Truman Launches "Investing in Students" Initiative to Provide More Aid as State Budget Crisis Looms

Truman State University has launched the “Investing in Students” initiative designed to provide increased financial assistance to students in advance of an anticipated state funding crisis.

The special fund drive will generate gifts from University constituents – alumni, friends, faculty/staff, corporations and the Kirksville area – to provide extra support for students who will be facing additional hardships during the 2009-2010 academic year.

“The cost of education is requiring a greater commitment from students and their families,” said Dr. Darrell Krueger, Truman president. “In recent years, federal grant and loan programs have deteriorated, and coupled with the anticipated reduction in state aid, this combination will create hardship for many families.”

Truman students may apply for the special awards program that will provide an additional $1,000 grant for the 2009-2010 school year. The program will be administered by the Office of Financial Aid. Students must meet certain application guidelines that demonstrate financial need, including a filing of the Free Application for Federal Student Aid (FAFSA) form.

The fund has been established with $100,000 in advance commitments, including a $30,000 pledge from Krueger and his wife, Nancy, to assist 30 Truman students with financial need next year.

“These are extraordinary times, and the global financial crisis has reached Missouri and Truman,” Krueger said. “This initiative is designed to proactively lend a helping hand to our most financially needy students in preparation for what appears to be a very difficult budget year ahead.”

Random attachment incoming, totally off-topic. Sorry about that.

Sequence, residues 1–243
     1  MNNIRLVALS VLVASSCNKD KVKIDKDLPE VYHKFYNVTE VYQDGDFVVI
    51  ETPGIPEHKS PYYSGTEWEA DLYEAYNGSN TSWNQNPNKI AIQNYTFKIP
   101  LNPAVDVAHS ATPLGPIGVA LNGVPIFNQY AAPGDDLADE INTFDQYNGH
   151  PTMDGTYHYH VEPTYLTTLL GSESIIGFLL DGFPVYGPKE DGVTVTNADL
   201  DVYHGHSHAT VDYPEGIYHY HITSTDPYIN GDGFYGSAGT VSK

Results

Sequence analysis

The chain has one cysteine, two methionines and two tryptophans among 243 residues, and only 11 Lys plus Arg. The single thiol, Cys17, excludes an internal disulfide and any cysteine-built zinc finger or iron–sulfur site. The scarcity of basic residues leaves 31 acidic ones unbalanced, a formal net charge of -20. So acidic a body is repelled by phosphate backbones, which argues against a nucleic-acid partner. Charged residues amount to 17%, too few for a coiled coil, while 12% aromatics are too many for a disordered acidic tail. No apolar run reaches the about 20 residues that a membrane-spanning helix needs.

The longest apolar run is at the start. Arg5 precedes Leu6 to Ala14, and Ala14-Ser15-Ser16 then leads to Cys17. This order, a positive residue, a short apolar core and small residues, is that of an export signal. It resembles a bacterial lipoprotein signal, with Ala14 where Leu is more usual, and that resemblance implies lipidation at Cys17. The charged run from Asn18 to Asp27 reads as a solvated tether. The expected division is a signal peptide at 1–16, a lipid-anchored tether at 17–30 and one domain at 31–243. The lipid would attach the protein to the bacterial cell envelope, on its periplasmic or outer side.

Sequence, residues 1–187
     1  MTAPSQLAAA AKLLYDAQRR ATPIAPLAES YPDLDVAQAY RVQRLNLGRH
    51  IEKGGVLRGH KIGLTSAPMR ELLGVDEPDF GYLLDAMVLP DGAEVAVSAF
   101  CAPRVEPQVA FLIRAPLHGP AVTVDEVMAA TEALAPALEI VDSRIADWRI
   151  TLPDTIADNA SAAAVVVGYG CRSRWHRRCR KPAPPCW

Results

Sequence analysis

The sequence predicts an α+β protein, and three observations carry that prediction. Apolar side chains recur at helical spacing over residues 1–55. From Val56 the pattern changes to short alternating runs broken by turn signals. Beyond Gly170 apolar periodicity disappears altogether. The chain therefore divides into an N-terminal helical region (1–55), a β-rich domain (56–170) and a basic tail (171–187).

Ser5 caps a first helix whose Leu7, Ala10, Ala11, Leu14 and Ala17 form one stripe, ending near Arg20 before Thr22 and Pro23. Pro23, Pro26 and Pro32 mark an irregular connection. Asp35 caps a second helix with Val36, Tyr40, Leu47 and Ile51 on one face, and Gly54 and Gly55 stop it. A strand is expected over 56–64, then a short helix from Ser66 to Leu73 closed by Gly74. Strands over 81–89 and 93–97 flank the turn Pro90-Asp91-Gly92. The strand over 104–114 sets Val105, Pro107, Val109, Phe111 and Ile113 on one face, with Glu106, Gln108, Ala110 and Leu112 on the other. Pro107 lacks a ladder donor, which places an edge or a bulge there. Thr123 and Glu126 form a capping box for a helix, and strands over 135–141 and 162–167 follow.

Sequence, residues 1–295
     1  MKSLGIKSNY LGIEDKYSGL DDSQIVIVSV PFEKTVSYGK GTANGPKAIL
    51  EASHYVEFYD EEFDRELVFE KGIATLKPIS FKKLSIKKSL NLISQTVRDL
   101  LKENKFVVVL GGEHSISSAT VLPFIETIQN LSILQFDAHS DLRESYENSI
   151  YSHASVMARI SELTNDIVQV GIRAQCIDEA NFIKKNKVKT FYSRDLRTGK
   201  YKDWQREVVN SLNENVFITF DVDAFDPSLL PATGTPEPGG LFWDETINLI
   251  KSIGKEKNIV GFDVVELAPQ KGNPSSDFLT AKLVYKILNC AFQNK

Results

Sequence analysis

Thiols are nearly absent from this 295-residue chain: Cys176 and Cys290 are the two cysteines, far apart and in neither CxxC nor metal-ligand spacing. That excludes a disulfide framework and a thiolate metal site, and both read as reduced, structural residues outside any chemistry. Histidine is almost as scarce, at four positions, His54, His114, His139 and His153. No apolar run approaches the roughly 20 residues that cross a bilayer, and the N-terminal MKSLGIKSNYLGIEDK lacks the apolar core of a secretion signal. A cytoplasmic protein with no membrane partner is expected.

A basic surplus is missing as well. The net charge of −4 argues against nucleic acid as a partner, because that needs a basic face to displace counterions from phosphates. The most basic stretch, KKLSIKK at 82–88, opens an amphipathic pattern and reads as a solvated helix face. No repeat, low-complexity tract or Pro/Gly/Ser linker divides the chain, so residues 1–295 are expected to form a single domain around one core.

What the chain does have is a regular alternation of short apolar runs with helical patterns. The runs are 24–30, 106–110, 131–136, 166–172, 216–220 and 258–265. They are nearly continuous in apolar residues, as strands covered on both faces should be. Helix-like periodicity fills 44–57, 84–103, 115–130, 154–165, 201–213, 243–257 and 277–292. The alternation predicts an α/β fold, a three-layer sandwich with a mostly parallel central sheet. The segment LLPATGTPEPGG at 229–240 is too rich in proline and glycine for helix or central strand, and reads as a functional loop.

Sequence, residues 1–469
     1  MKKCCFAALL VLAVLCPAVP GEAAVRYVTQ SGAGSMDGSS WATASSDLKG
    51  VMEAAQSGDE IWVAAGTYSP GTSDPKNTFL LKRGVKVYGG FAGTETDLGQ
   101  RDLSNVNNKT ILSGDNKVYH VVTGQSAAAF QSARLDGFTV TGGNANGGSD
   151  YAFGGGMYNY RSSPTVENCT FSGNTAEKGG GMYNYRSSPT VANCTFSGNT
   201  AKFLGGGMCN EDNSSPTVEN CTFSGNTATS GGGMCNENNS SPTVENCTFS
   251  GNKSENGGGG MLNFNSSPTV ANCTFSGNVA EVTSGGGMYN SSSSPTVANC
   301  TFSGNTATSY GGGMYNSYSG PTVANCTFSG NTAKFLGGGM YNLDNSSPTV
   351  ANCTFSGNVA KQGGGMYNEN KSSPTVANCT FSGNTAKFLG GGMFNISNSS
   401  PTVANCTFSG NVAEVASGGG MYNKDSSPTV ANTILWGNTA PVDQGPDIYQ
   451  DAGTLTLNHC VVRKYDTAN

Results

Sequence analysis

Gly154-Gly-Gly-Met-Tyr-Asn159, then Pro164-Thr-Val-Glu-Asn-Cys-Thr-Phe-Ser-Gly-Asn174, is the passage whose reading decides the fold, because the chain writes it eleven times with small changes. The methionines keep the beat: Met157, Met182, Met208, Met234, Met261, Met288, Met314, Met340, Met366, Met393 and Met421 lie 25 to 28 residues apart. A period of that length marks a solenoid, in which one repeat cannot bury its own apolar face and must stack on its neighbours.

Last month, presidents of all state public universities in Missouri were asked by state legislative officials to develop state appropriation reduction scenarios in increments of 15, 20 and 25 percent for the next fiscal year.

For Truman, a 15 percent decline in state appropriation translates into a $6.2 million reduction in funding, while a 25 percent drop means $10.4 million in reduced funding.

“While the University continues to deal with the complex and ongoing economic realities from a position of strength and confidence, there are many variables in play as we begin preparation for next year’s budget,” Krueger said. “The campus community is working together to protect the quality of Truman, a rare gem among higher education institutions whose distinctive qualities must be preserved.”

Krueger has also spoken with student leaders about the possibility of asking students to partner with the University to help create solutions to the state funding crisis through a per credit hour student fee. The fee would contribute to the enhancement and preservation of the Truman experience, while simultaneously beginning discussions of how to streamline University processes and programs to assure and advance Truman’s quality. Students will also participate in that process.

The initiative is part of Truman’s Bright Minds Bright Futures fundraising campaign that opened in the summer of 2006. The five-year, $30 million effort has generated $15.9 million in advance commitments and will begin the public phase later in 2009. Student scholarships have been a significant priority with $3.01 million in cash and $5.61 million in deferred gifts received to date. To discuss this initiative, please contact the Office of Advancement at 660-785-4133.

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